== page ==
In her 87 years, late Supreme Court Justice Ruth Bader Ginsburg left a remarkable impact on the lives of Americans. As I have been reflecting on the influence she has had on me, my friends, and countless others, I cannot help but be reminded of her lifelong fight for justice and the role she has played in inspiring me to continue to pursue my goals. She has reminded me that women can break past the same barriers because of their gender, not in spite of it.
Ginsburg, a firecracker in her 80s, became a legal and cultural icon, helping co-found the Women’s Rights Project at the ACLU, in addition to being a pioneer for gender equality throughout her legal career. She would later gain the nickname “the Notorious R.B.G.” , a play on words in reference to fellow Brooklyn native rapper Notorious B.I.G. for her outspoken personality and witty remarks.
One of only 9 women in a 500 person class at Harvard Law School, Ginsburg and her female peers were repeatedly questioned by the dean as to why they were taking up seats that could otherwise be filled by young men. Despite this, she proved to be one of the best students, tying for first in her class. Even still, when she was personally recommended by a Harvard Law professor for a clerkship under a residing Supreme Court Justice, the Justice responded that he wasn’t ready yet to hire a woman, and asked the professor that he recommend a man instead. But she didn’t let this deter her. She would go on to become Columbia Law School’s first female professor to receive tenure, and wrote the first law school casebook for gender discrimintaion. Decades before she joined the Supreme Court, Ginsburg worked as an attorney, where she challenged sex-based legislation and paternalistic notions, like female frailty. She stressed how these notions place women on a pedestal, while simultaneously denying them opportunities. I continue to see this stereotype in areas like ours where women have begun to make more progress in areas like law, science, and engineering fields. We are just as intellectual and capable as all the other men that have attempted to keep us out of those occupations. As Ginsburg said in a 1996 case overruling a law that Virginia Military Institute stay an all-male college, a “reliance on overbroad generalizations...estimates about the way most men or most women are, will not suffice to deny opportunity to women whose talent and capacity place them outside the average description,”. And that was just the beginning.
Once on the Supreme Court, becoming only the second woman in such a position, Ginsburg was a clear example of a woman who lived to defy stereotypes. Standing at 5’1”, she appeared small and frail to many, although she rode horses and parasailed well into her 70s. Until her death, she trained with a personal trainer in the Supreme Court’s gym and for many years could lift more than Justices Kagan and Breyer. Over the years, she would file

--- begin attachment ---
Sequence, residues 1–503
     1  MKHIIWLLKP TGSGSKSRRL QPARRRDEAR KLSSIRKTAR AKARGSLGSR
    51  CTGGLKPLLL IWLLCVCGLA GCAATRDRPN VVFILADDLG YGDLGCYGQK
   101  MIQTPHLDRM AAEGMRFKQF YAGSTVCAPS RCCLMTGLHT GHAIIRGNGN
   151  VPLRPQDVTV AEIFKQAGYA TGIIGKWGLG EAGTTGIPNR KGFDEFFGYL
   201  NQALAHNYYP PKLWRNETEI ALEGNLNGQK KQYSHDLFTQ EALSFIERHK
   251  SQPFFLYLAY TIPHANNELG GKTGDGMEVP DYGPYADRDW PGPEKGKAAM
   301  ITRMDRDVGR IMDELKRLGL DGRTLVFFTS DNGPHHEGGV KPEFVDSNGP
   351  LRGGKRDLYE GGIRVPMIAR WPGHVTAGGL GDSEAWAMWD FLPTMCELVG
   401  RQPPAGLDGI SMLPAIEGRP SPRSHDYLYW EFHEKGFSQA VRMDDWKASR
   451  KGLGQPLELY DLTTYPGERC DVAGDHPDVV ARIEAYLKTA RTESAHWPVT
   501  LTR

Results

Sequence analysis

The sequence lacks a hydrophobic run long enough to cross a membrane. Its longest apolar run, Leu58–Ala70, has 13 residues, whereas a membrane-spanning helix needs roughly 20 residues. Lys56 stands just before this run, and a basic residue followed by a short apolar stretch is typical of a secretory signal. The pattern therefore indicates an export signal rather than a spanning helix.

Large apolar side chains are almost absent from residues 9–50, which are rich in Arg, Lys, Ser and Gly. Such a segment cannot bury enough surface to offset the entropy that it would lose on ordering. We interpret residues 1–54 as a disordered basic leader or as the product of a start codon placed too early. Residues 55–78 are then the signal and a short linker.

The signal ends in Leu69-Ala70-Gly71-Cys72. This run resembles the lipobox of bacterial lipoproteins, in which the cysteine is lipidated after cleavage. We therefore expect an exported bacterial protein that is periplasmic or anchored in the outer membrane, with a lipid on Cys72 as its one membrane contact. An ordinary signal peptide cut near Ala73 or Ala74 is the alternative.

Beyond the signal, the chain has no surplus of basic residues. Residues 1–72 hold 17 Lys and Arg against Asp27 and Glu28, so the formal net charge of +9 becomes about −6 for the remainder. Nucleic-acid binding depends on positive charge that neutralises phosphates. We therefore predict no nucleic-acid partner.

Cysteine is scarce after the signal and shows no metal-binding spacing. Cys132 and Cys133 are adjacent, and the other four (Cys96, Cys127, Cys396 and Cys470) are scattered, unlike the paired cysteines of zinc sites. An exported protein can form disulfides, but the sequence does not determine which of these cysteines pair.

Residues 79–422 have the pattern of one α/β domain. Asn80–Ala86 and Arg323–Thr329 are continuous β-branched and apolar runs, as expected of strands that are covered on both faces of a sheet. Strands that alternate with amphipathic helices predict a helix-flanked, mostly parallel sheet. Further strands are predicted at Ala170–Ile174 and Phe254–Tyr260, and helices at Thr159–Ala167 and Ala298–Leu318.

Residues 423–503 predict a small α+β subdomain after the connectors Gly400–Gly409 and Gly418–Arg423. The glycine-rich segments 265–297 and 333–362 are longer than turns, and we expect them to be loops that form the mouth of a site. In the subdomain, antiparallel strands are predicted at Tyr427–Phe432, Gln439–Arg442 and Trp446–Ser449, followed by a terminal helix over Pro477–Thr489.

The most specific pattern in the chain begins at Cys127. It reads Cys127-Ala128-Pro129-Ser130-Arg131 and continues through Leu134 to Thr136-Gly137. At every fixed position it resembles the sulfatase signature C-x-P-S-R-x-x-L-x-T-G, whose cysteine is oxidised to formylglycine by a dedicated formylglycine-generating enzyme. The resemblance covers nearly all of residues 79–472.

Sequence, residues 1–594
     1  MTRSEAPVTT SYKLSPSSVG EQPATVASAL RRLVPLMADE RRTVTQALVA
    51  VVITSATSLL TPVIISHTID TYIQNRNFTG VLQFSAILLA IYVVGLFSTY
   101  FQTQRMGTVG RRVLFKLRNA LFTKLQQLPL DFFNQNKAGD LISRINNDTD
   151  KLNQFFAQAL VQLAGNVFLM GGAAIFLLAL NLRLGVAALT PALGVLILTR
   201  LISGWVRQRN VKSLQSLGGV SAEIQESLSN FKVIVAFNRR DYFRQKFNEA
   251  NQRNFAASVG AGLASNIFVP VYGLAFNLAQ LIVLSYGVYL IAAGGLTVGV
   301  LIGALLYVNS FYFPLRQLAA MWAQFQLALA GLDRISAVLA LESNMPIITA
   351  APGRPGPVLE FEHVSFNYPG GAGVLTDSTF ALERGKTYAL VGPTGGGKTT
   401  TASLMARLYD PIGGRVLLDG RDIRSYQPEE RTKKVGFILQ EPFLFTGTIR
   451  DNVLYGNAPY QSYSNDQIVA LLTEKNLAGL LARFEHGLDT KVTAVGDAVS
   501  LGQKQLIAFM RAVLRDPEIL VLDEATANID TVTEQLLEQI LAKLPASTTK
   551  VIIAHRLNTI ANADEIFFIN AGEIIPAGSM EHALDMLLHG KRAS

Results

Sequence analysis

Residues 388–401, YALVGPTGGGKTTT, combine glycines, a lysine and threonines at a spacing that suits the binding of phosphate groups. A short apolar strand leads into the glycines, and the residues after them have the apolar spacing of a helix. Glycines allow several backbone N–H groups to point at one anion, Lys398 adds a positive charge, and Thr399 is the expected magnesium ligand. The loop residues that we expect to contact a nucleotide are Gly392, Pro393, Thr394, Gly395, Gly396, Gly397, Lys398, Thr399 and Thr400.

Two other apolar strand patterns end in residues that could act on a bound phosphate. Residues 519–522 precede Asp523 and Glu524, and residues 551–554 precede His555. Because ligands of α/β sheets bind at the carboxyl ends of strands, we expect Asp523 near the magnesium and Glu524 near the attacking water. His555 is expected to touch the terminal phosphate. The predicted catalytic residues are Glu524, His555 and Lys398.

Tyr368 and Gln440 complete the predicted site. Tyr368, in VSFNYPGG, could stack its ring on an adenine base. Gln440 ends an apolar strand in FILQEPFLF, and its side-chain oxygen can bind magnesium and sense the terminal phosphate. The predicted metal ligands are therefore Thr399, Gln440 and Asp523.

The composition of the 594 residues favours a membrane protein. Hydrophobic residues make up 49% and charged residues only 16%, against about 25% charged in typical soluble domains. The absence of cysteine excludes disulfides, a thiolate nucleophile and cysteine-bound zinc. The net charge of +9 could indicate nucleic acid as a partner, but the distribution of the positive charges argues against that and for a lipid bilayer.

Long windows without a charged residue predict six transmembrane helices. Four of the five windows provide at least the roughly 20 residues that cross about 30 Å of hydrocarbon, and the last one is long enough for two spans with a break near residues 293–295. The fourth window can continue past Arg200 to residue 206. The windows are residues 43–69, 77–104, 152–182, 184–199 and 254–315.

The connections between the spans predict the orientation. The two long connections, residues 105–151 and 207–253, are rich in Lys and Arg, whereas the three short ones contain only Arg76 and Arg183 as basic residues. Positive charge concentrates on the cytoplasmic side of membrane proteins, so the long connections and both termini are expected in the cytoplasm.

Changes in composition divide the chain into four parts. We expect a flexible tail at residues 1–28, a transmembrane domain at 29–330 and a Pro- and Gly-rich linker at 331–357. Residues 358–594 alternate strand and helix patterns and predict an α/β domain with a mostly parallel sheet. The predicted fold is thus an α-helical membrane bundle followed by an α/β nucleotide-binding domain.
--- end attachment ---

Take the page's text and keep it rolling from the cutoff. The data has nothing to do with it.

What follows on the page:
Ginsburg pictured, right, at Harvard Law School with her peers
dozens of briefs looking to persuade the Supreme Court that the 14th Amendment warrant protection that applies not only to racial and ethnic minorities, but to women as well. Until 2018, she had not missed a single day of oral arguments, even when she underwent chemotherapy for pancreatic cancer, after surgery for colon cancer, or the day after her husband died in 2010. She continued to show that she was a force to be reckoned with, and one need only look at her record in oral arguments, success in judicial duties, and advocacy roles to see why she is one of my real life superheroes.
Here is a list of just a few things that Ginsburg has done for women:
-the right to have a job without being discriminated based on gender
-the right for women to be pregnant/have kids and work
-Equal Credit Opportunity Act (1974):
-the right to have a bank account without a male co-signer
-the right to sign a mortgage without a man
-Ledbetter vs. Goodyear (2007):the right to a pension equal to male counterparts
She flourished in the face of adversity, and I can only hope to embody some of the strength she showed in her 87 years. However, it should not have come down to just one woman against all of these different institutions in place. RBG was undoubtedly an icon, but she couldn’t save us, nor should she have had that pressure placed on her. We, the ones that she has left a living legacy on, are the ones that have to do that work. Arguably, that is the ultimate way that one can respect her legacy. Now more than ever is the time to push as tirelessly as she did for the liberties we have worked so hard to earn.